• Have students watch the short video of “Eli, Eli” as performed by Bertha Smith and the Moving Star Hall Singers. Instruct the students to raise their hand when the call is being sounded (on “Eli, Eli) and to place their hand on their chest when the response is sounded (on “somebody call Eli”). Repeat this activity as necessary.
    • Ask the students the following questions:
      • Is the call always the same? What about the response? (Answer: Like the earlier examples – “Got On My Travelin’ Shoes” and “Jonah” – both the calls and the responses vary slightly during the performance of the piece as it progresses.)
      • What do you notice about the clapping and the movement for “Eli, Eli”? (Answer: Like in “Jonah,” the clapping patterns begin with a backbeat and move into a polyrhythmic texture. The performers are also tapping their feet on the beat, and swaying as they sing.)
    • Next, have students sing “Eli, Eli” with students taking turns being the caller (“Eli, Eli”) and the responders (“somebody call Eli”). Incorporate the clapping patterns notated in Exercise 1 (“Jonah”).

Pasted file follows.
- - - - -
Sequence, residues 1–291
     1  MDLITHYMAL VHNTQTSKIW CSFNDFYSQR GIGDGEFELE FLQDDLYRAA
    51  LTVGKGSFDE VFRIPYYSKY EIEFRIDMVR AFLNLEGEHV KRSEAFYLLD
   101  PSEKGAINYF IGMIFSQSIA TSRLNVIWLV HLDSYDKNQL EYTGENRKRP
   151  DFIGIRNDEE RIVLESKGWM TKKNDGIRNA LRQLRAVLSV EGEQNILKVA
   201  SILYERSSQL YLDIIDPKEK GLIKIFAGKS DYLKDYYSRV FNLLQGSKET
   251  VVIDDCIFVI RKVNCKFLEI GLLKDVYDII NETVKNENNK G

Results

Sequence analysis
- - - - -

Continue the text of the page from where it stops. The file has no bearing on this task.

Activity 2 Extension: Further information about the performers of “Got On My Travelin’ Shoes”:

  3. Reverend Gary Davis
    • Reverend Gary Davis was an African-American guitarist, composer, and ordained Southern Baptist minister. Born in South Carolina in 1896, Davis was completely blind by the age of ten. He achieved fame through his renowned skills as a gospel blues-style guitarist and was a noted influence on many popular American musicians, including Bob Dylan. Students of Davis include folk musician Dave Van Ronk and Bob Weir of The Grateful Dead.
    • Davis toured the United States and Great Britain in the mid 1900s. His music (much of it original) was a lively combination of African-American spirituals, square dance music, and American marches.